• Server Fault, the first sister site to Stack Overflow, is now in private beta. Server Fault is for system administrators and IT professionals. If that’s you, come join us!
  • We’ve only done one major branch in Stack Overflow to date, and it was excruciatingly painful in Subversion, even after updating to 1.6 which has “better” support for merging. We’re considering switching to Mercurial to make future merges feel a bit less like gnawing our own limbs off.
  • Joel announces that Fog Creek is working on a hosted version of Stack Overflow, and they are looking to hire a software engineer to work on the project. If it works out, you get the whole Fog Creek relocation package! If you’ve ever wanted to work on the Stack Overflow codebase (and you’re looking for a full time gig) this is your chance!
  • The prospect of an outside developer looking at our Stack Overflow code base makes us nervous. Maybe this is a healthy reaction — is any code ever good enough? Probably not.
  • We do believe in continuous refactoring, and part of that is developing free from fear. Don’t be afraid to break stuff! Have some unit tests, and when things do break, be able to fix it very rapidly.
  • Test Driven Development is possibly the worst and most incorrect name ever applied to a concept in software engineering, ever. And that’s saying a lot. TDD is more about design than testing, but when every TDD tutorial starts with “ok, we write a test to verify..” it’s sort of hard to justify. Perhaps Behavior Driven Development would be a better name.
  • TDD, as far as testing is concerned may be a bit too programmatic. Never underestimate the power of a skilled human tester.
  • We learned ASP.NET MVC as we went. This is a surprisingly common pattern; Joel can’t ever remember a time when he wasn’t building a new application in a new framework. Programming is, almost by definition, continuously learning: your entire career will be one long, unbroken string of learning one new bit of technology after another. Programming is shorthand for learning how to learn.
  • Joel asks: as a professional programmer, how often do you start a new major project that’s going to have a long life expectancy? It’s startlingly rare. Even at Fog Creek they’ve had maybe four in the entire time the company has existed. So when you start a new project, you almost have to bet on the new framework that you think will be vibrant and alive five years from now — that means you’ll be learning as you go, again! There is a double whammy of learning the framework and a language at the same time though — that’s extra-risky.
  • A brief discussion of why unconfirmed “no-touch” user actions are so dangerous on the web; they are a XSRF playground! If the user holds a cookie to your site, and an attacker can get them to click on a GET or POST, they have just forced the user to take that action. We added an interstitial confirmation to a few actions to prevent this; the particular case that was extremely dangerous was associating a new OpenID provider in one click. If that OpenID provider was rogue and controlled by the attacker, they now own the account.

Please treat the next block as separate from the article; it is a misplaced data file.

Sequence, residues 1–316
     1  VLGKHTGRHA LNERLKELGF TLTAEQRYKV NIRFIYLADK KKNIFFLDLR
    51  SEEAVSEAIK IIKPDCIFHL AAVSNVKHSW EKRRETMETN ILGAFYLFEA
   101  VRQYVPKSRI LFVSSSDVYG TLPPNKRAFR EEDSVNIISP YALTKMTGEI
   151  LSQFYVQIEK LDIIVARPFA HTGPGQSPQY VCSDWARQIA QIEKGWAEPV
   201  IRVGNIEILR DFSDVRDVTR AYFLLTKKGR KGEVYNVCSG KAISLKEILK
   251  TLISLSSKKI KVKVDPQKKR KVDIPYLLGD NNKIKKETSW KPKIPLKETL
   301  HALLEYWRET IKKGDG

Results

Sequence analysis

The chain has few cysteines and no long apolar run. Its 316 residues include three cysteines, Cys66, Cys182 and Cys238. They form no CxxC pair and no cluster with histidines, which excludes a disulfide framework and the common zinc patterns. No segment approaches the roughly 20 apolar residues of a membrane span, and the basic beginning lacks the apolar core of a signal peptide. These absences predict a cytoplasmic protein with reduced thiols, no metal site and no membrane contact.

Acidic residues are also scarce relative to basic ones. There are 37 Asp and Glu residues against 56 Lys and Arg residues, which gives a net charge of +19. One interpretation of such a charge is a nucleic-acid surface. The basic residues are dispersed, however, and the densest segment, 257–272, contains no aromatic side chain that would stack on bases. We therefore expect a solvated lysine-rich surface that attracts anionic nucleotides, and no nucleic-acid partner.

• Joel notes that if you’re shy about putting things online, you are letting other people control your online identity — and that will hurt you much more in the long run than any potentially questionable things you might possibly put online.
  • One of the goals of creating Stack Overflow was as a vehicle to build your online identity as a professional programmer, a virtual set of bread crumbs showing that you indeed know your stuff, and your programming peers recognize you for your knowledge.
  • Joel gave a speech about Stack Overflow at Google recently. What question did Guido van Rossum, the creator of Python, ask?
  • A brief mention of stackoverflowoverflow … overflow.
  • By the time anyone tries to copy an iPod, Apple is already a generation ahead. Continual innovation and evolution is always the best approach to defeat those who would blindly copy what you’re doing, and that goes double for software which is infinitely malleable. If your software isn’t continually evolving, it is effectively dead!
  • Good ideas sound too crazy for anyone to even consider copying them. The type of people who copy are not interested in anything that remotely resembles risk; they are only going to copy proven successes. So if you’re starting out with a new crazy idea (and you should be!), this is unlikely to be a practical concern.
  • Joel’s computer has apparently been taken over by a mexican wrestler named Gordo. I have no idea.

We answered the following listener questions on this podcast:

  1. Paul: “I’ve seen some companies do background checks online with MySpace, Facebook, Twitter, etcetera. Should developers be concerned about old, embarrassing code being posted online?”
  2. Tom: “As a startup entrepreneur, what steps should you take, if any, to protect your intellectual property?”

Our favorite Stack Overflow qustions this week are:

None! Every single Server Fault question I’ve asked is my favorite this week! I’ve had all these sysadmin and IT pro questions welling up inside me for months, and it was so intensely satisfying to finally be able to ask them and get really great answers. Please join us in the beta!

If you’d like to submit a question to be answered in our next episode, record an audio file (90 seconds or less) and mail it to [email protected]. You can record a question using nothing but a telephone and a web browser. We also have a dedicated phone number you can call to leave audio questions at 646-826-3879.

The transcript wiki for this episode is available for public editing.